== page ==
Friday, June 20, 2008

Reflecting On The Wiretap Vote

In college, I majored in Political Science, but I never enjoyed debating politics with friends, family or colleagues. Following Wednesday's hugely important vote on a wiretapping bill in Swedish Parliament, I feel compelled to express how disappointed I am. Disappointed that Swedish lawmakers, who I've idealized as setting a positive example for the rest of the world to follow in terms of respecting liberties, would approve a wiretapping law that Google calls the "most far-reaching eavesdropping plan in Europe."

The new law will take effect January 1st. It will allow the FRA (Sweden's National Defense Radio Establishment), to monitor all Internet and telephone communication that crosses Swedish borders without a warrant. Swedish lawmakers approved the bill in a 143-138 vote, in the name of national security, despite much uproar from opponents about privacy rights being violated, despite many references to Sweden becoming a "Big Brother" society. Has everyone in Swedish Parliament read the classic George Orwell novel 1984??? It offers a perfect example of what can happen to a society when you allow the government to take control of all communication. I went to bed Wednesday night with a heavy heart.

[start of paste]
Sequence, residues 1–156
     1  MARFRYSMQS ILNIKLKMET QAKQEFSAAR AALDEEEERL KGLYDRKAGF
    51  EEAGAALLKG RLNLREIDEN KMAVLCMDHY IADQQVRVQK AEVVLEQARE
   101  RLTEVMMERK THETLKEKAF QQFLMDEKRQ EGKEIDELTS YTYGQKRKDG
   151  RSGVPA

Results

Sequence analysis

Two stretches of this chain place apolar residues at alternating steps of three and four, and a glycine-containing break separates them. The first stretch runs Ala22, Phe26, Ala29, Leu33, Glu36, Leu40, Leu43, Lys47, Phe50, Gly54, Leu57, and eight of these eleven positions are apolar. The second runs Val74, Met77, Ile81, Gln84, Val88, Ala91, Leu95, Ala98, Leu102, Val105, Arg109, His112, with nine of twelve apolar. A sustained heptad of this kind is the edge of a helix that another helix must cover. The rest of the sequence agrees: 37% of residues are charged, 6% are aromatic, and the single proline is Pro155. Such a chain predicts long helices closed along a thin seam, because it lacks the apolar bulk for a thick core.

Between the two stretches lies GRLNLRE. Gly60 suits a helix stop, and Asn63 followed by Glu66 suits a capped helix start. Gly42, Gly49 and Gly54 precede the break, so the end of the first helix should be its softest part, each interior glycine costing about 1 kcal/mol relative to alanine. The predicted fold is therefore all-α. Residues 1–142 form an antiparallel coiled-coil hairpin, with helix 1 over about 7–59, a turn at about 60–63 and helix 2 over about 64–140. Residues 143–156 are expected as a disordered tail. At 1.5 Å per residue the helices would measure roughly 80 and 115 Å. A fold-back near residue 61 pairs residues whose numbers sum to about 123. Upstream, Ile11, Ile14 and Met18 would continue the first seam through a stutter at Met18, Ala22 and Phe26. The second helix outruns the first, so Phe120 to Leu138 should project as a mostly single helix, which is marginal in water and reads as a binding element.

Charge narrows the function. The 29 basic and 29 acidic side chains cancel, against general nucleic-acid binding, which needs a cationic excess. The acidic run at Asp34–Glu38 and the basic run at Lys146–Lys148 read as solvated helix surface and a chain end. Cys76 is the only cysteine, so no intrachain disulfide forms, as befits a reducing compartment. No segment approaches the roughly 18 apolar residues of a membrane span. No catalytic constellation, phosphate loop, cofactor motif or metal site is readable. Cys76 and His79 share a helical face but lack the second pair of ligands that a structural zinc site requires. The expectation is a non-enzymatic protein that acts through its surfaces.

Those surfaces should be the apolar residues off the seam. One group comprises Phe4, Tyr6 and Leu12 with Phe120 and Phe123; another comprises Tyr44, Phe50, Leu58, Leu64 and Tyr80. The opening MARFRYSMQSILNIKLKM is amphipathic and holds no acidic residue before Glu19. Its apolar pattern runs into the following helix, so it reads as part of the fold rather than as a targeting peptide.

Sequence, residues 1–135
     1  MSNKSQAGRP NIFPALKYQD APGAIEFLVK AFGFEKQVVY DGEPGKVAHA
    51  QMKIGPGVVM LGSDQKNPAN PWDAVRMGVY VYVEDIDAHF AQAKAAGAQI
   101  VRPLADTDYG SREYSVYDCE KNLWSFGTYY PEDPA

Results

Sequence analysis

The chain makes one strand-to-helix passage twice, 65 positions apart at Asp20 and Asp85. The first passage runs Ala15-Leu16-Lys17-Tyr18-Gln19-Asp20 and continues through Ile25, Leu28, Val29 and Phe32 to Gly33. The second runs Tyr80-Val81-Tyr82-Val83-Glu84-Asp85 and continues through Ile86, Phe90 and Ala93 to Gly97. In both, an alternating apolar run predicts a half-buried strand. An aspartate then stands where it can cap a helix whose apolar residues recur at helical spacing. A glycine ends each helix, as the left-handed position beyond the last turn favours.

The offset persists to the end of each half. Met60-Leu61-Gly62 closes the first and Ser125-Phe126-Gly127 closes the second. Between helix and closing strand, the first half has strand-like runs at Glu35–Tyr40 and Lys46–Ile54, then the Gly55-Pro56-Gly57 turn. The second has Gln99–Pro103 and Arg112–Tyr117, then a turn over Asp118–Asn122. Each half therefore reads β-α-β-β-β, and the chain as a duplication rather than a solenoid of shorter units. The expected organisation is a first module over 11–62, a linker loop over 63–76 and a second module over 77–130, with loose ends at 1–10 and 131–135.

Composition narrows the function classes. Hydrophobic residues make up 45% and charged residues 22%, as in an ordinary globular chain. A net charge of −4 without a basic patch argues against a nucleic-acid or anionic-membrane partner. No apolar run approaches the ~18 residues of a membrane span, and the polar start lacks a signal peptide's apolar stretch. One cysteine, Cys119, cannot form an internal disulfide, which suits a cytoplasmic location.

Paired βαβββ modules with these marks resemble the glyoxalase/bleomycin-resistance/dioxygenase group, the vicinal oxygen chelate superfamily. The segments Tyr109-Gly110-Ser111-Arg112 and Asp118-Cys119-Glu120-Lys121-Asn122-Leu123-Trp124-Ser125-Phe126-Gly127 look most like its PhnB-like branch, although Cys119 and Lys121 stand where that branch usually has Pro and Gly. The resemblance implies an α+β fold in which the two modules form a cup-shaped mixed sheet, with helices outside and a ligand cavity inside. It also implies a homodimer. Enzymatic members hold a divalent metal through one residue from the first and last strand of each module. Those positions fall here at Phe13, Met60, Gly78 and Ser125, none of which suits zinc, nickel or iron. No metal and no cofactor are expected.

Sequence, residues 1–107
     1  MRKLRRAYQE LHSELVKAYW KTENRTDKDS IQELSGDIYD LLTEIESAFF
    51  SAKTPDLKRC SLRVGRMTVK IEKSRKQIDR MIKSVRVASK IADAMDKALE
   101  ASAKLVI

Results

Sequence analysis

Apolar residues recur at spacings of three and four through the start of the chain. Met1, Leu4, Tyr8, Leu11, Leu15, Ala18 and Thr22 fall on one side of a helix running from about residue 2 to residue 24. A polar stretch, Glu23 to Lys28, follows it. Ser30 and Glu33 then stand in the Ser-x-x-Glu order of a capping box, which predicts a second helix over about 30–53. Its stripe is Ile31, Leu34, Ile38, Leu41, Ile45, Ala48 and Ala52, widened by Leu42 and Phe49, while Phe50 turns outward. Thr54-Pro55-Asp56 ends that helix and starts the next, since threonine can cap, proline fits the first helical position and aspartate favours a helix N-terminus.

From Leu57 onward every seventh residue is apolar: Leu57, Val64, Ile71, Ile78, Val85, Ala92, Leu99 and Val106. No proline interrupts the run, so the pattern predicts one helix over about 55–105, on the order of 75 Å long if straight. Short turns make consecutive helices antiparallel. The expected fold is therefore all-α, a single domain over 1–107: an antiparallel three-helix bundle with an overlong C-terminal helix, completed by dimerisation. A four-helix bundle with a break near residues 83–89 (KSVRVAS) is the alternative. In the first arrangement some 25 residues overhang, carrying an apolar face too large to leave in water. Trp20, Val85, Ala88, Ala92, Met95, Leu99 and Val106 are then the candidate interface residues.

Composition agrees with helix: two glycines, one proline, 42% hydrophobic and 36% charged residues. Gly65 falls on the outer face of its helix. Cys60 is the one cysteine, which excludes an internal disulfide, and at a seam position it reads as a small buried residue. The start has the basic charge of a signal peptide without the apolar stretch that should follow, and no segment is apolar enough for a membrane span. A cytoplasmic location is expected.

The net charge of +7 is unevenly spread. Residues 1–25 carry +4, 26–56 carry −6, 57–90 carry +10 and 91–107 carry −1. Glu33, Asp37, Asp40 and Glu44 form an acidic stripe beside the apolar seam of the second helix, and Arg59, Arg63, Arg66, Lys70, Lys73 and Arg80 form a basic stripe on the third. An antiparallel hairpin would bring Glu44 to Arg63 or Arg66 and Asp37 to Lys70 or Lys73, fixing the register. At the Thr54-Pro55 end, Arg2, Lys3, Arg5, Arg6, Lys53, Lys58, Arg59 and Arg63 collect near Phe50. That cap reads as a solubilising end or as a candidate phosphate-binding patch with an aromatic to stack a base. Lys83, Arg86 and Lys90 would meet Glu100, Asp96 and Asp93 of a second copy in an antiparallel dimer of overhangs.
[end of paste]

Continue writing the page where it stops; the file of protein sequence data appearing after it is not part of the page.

One only needs to look to the Swedish blogosphere and Swedish newspapers to see how upset the majority of Swedish society appears to be over the passage of this bill. Bloggers in Sweden and across the world fought to defeat the measure with a viral campaign. Demonstrators packed the courtyard outside Parliament before and during Wednesday's vote, many hoisting signs reading "1984" and passing out copies of the book.

Some say "the government will only be looking for certain patterns in communication" to thwart terrorist threats. What about protecting society from having its civil liberties violated? If you haven't read 1984 or haven't read it for many years, I strongly urge you to read (or re-read) it.

Sweden is well known for fostering a culture of peace through diplomatic discussions, setting political examples for the world to follow. What happened in Swedish Parliament this week will go down as a dark day in the history of Swedish politics.

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